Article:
My second bar is named for both a cocktail and a place. The cocktail, listed here, is a gin drink for people who hate gin, at turns fruity and dry. In my version, dry vermouth adds a necessary layer of flavor that keeps the raspberry syrup in check. But before the drink, Clover Club was the name of a gentlemen’s club based out of the Bellevue-Stratford Hotel in Philadelphia. Founded in 1882, it ran through the 1920s and its membership was made up of the intellectual elite of the time, including many respected journalists and writers. It was the tradition that invited guests–generally celebrities and politicians–would give an address to the club, and each was subjected to the sharp-witted comments of the audience when he finished. These roasts were well documented and word of them spread far and wide. I find it humorous that the original Clover Club was a real boys’ club, and that my Clover Club is run by three women. I like to think we are snarky and bawdy enough to have held our own with those boys.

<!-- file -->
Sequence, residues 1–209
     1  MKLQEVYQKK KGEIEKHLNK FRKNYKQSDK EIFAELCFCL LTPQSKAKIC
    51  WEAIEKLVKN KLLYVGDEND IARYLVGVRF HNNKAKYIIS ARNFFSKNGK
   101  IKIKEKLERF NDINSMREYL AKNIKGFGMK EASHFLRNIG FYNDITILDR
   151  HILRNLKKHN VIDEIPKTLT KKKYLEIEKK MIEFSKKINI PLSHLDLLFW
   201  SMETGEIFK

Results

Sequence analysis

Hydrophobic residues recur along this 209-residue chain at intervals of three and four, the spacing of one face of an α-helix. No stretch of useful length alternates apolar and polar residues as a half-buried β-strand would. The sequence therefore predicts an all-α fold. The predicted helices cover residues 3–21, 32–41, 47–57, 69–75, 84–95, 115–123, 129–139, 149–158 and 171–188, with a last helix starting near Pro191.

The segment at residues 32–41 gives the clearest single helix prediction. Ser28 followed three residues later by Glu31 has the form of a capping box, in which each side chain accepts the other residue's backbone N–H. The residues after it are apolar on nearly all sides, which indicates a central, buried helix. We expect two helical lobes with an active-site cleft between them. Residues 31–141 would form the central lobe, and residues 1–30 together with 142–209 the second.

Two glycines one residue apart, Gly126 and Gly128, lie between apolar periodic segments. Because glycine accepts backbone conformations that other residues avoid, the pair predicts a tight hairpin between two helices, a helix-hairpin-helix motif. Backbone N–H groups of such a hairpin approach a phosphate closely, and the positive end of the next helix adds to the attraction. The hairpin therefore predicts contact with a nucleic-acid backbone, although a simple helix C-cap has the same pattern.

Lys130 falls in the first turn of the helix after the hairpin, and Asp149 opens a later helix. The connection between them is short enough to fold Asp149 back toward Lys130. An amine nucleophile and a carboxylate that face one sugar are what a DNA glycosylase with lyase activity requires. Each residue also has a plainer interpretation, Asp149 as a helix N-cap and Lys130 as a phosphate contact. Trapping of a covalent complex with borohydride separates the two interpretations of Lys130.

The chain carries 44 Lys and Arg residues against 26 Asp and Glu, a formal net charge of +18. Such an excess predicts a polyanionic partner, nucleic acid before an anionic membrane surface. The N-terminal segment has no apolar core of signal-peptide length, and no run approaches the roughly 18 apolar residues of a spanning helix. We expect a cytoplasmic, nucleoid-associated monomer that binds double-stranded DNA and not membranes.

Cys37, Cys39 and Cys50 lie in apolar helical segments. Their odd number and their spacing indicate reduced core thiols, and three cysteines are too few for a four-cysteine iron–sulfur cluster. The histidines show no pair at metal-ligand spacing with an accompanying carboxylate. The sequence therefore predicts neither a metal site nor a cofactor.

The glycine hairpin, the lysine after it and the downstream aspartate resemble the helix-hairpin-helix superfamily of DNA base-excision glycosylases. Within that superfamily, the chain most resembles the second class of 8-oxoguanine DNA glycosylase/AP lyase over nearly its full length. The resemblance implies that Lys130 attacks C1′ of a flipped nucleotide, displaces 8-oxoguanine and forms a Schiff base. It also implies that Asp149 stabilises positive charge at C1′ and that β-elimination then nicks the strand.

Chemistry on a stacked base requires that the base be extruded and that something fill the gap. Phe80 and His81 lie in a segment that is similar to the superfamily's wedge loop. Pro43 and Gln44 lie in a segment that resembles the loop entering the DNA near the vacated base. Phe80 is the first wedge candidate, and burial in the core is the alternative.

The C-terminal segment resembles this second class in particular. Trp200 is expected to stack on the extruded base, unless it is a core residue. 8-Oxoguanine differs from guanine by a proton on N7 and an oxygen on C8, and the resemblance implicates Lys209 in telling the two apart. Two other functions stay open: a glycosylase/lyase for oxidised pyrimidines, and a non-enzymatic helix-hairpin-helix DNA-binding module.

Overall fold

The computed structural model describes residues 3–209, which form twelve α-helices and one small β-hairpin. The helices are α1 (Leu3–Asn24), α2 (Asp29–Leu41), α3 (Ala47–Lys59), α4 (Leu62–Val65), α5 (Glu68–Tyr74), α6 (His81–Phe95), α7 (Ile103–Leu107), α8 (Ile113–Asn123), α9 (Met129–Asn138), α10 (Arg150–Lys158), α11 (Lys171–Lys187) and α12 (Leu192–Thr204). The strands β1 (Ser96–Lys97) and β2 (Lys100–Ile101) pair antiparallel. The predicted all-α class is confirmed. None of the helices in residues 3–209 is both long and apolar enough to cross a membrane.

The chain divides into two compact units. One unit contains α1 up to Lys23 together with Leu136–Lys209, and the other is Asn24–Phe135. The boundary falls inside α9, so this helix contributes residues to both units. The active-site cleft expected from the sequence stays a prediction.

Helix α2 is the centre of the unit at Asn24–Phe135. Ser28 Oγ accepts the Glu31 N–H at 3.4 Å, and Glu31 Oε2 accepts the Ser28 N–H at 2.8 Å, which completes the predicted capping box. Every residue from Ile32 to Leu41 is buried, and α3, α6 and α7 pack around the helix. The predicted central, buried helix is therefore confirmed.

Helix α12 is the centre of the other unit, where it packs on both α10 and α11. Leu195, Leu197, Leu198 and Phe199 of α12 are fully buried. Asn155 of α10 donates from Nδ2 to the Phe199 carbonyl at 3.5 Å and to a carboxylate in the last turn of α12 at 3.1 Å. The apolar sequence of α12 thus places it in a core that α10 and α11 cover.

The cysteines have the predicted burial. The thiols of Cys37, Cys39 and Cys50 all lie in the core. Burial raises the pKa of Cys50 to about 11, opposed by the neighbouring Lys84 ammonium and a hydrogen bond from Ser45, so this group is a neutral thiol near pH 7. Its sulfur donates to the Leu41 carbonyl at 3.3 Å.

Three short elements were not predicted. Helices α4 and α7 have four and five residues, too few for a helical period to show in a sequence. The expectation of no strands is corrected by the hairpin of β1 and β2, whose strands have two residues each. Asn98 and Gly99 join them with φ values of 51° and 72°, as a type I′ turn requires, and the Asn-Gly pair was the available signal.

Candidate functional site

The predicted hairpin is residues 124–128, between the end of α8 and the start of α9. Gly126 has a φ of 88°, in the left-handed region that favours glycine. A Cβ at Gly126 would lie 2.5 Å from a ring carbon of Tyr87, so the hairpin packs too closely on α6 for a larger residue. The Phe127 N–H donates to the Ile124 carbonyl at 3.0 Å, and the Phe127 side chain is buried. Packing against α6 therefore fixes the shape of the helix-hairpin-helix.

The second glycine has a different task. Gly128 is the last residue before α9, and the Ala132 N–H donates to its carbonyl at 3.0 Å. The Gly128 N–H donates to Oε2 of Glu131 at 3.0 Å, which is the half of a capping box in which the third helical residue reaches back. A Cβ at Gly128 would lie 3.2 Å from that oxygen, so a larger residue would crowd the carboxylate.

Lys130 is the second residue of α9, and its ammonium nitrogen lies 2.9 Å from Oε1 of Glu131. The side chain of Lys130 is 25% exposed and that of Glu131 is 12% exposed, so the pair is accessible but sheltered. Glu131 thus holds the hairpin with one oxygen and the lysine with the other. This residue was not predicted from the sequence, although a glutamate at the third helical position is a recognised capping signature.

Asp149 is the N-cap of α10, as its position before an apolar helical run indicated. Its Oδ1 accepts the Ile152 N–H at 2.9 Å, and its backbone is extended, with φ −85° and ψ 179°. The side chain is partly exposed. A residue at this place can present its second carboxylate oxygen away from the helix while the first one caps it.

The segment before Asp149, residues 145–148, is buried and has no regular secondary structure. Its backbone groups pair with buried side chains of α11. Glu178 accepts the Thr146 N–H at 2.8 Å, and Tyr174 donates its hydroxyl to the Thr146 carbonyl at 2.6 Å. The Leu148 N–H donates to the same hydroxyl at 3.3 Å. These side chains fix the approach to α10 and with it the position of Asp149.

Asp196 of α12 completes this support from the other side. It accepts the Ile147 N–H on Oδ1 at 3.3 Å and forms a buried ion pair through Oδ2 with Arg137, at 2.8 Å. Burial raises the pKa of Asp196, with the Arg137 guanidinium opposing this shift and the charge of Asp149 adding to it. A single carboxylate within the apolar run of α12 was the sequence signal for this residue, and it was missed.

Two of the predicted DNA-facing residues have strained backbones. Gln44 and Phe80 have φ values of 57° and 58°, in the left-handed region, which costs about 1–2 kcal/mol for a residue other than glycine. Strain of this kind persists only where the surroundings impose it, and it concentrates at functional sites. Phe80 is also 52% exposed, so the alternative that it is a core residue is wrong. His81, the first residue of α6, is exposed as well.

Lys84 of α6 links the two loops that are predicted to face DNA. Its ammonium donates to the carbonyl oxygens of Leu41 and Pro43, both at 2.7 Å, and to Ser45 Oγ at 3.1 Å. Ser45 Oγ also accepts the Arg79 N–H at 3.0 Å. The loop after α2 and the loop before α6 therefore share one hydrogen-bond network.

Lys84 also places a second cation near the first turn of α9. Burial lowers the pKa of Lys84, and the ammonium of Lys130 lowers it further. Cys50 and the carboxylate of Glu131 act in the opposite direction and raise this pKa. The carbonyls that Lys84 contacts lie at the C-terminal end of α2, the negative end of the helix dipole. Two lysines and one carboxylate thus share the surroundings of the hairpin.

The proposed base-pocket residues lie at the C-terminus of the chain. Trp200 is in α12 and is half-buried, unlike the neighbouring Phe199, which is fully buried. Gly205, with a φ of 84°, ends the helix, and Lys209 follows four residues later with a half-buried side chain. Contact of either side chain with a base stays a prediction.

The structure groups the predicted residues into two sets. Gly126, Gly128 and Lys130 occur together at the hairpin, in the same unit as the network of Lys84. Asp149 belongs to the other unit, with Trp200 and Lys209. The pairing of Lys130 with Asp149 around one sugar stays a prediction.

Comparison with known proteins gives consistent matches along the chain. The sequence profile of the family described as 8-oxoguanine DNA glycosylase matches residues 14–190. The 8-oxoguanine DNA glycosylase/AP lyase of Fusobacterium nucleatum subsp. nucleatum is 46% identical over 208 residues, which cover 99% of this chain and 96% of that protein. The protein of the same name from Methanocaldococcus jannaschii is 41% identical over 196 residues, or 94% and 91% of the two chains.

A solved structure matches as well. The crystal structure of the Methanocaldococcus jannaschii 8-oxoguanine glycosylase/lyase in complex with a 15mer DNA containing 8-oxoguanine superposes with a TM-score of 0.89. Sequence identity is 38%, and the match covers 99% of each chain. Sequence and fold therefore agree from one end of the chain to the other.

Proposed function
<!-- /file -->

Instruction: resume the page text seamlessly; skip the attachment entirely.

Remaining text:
11⁄2 ounces gin (I recommend Plymouth)
1⁄2 ounce dry vermouth (I recommend Dolin)
1⁄2 ounce lemon juice
1⁄2 ounce raspberry syrup (see berry syrup recipe on page 19; or muddle 5
Raspberries in 1⁄2 ounce simple syrup)
1⁄2 ounce egg white (about half the white of 1 egg)
Garnish | 2 raspberries
In a shaker, combine the gin, vermouth, lemon juice, raspberry syrup, and egg white.
Shake without ice for 20 seconds to emulsify the egg white, then add ice and shake until chilled. Strain into a coupe glass, spear the berries on a pick, and lay it across the rim of the glass to garnish.
Excerpted from the book THE CRAFT COCKTAIL PARTY by Julie Reiner with Kaitlyn Goalen. © 2015 by Julie Reiner. Reprinted by permission of Grand Central Life and Style. All rights reserved.